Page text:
Blockchain can be termed as another hype or buzzword making its way to mainstream IT. It is a technology that will dramatically transform the way businesses are conducted. Today, organizations big or small operate in a network. It may have a customer, supplier, distributor, financial intermediaries, global and local partners and so on. They all collaborate and conduct economic activities to achieve certain common set of goals. It’s a complex web of business entities that make money by offering services to each other. In business terms, exchange of goods and services (also known as assets) is called a transaction. It is a formal transfer of value and ownership of an asset from one entity to another, i.e., parties to the business. Transactions between these entities must be recorded and maintained in a book of account also called a ledger. Each business entity or organization maintains its own ledger, which consists of day-to-day transactions. Third party intermediary often does the bookkeeping or maintaining of the ledger. This obviously leads to increase in cost and in some way duplication of efforts as each entity in the business network maintains its own ledger of transactions. There is no clarity or transparency as to how the transactions are recorded and settled and the process of reconciliation is often time-consuming. In a nutshell, the current handling of accounts among the business network is less transparent and inefficient. So, what is the technology solution for this problem?
The solution lies in creating a technology infrastructure that can distribute or share the copy of ledger to all the entities in the business network. This is where the blockchain comes into the picture. Blockchain is a distributed ledger protocol that offers a more unique and innovative approach towards maintaining transactions among business entities. Transactions are validated by all the entities and created as unit of blocks. Blockchain architecture can be applied to public or private business network. With public applications, every business entity can view and validate the transactions, though no one can alter it. In a private setup, ledger is permissioned, which means only authorized entities can act (like validate or view) on transactions. Transactions, in general, cannot be tampered with, i.e., its state cannot be altered. It means blockchain ledgers are immutable. Transaction payloads are secured using cryptographic hash and digitally signed using public/private key thereby certifying provenance. The digital signature proves the identity or the ownership of the transaction or the digital token (asset) that is being transacted. The blockchain transactions are generated with network-wide consensus without the need of central server or authority. The consensus here means all the entities in a business network agree on the validity, state of data and originality of the transaction.
Note – Understanding blockchain 1.0 and 2.0.
Bitcoin-based blockchain is popularly termed as blockchain 1.0. It is modeled around simple database concepts with data insertion (transaction recording) happening sequentially in the distributed ledger. There was no special logic involved. Then came the modern blockchain applications that introduced the concept of smart contracts. The smart contracts came under the blockchain 2.0 umbrella. Smart contract represents a software code that performs some logic, then just recording transactions. Blockchain platforms like IBM HyperLedger, Microsoft Bletchley, Ethereum, etc. are all part of blockchain 2.0 world.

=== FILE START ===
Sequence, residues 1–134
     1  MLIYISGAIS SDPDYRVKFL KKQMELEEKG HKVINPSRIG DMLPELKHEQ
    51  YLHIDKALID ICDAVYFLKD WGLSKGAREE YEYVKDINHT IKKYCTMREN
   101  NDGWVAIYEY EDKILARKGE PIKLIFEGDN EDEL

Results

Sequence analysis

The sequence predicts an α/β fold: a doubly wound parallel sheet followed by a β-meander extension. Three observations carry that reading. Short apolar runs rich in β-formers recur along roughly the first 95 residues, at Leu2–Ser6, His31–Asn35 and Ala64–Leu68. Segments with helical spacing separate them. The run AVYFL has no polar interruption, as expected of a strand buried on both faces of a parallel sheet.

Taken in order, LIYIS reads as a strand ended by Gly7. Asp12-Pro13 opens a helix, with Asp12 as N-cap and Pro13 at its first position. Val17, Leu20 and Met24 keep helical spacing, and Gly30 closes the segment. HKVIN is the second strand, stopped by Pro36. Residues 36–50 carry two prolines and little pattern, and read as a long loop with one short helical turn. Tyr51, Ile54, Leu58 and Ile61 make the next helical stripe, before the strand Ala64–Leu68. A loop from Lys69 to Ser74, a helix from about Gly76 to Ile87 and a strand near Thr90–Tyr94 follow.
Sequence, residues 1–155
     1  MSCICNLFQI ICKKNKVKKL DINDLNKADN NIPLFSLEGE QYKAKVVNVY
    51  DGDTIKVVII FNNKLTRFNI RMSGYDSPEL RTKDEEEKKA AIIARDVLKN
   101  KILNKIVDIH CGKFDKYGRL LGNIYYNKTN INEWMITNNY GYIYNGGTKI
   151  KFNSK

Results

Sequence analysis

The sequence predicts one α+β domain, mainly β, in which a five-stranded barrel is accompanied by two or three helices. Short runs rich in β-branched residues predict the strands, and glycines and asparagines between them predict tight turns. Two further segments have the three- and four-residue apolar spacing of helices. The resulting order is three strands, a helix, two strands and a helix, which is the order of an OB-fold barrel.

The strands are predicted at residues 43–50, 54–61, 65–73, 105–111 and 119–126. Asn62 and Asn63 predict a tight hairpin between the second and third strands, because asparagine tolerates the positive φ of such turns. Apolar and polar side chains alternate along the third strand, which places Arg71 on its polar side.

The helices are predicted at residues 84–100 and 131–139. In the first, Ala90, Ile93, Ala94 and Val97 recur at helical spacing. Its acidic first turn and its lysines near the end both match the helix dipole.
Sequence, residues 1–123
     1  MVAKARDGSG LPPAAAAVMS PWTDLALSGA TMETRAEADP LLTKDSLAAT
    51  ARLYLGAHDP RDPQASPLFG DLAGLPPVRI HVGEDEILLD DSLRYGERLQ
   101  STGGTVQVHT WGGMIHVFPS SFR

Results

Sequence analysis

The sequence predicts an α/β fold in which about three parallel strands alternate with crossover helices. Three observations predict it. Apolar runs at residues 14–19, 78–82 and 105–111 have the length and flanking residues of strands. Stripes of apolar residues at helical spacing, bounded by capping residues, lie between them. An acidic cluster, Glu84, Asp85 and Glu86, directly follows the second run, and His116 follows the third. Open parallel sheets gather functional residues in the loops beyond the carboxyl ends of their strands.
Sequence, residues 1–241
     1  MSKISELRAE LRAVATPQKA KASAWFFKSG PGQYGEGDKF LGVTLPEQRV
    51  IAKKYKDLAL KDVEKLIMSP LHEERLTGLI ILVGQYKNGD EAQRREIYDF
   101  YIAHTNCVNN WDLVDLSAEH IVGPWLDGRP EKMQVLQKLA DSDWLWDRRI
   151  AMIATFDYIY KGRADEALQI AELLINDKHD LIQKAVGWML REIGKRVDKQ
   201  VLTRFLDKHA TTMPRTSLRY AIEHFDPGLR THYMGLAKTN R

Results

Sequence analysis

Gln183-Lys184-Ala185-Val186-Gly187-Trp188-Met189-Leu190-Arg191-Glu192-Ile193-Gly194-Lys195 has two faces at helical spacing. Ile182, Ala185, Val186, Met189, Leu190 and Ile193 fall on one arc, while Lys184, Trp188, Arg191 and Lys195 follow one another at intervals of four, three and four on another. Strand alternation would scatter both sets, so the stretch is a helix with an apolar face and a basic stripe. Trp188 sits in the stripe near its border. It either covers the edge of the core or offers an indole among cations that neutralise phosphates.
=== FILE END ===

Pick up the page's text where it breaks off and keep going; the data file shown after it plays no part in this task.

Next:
Here are the benefits of a blockchain network in a nutshell:
- The blockchain network manages the transactions without the need of any intermediary or central authority. It is self-regulated and automated using smart contracts and consensus protocol.
- All the business entities are equipped with their copy of ledgers, and therefore, the information is shared and transparent across the network
- With blockchain, the data or the transaction record is up to date, verified and consistent as all the business entities are involved in performing the validation.
- Reliable and highly available as there is no central point of failure.
- There is a significant reduction in cost as a business need not maintain its own ledger and managed by any third-party intermediaries.
- Transaction settlement and the process of reconciliation are automatic and almost immediate. Unlike the manual process, it does not require any mandatory number of business working days to make the settlement.
- It mandates the use of single ledger where all the transactions of a defined business network are recorded. It, therefore, removes the data redundancy and the need to maintain separate ledger by each business entity.
A blockchain network is setup based on the following principles:
Consensus: The network must be in the state of consensus, i.e., the validity of the blocks of transactions must be validated and agreed or accepted by all the nodes (or designated nodes) in the blockchain network.
Provenance: Provenance generally means place of origin. In the context of blockchain, it refers to the origin of the digital tokens or assets. The nodes in the network must know who is the owner of the digital asset and also track the change of ownership.
Immutability: In a blockchain network, the ledger cannot be tampered with once the transactions are recorded. A ledger may have valid or invalid transactions. An invalid transaction is addressed by adding a new valid transaction of the same value. Data in the blockchain network is append-only and not subject to modification.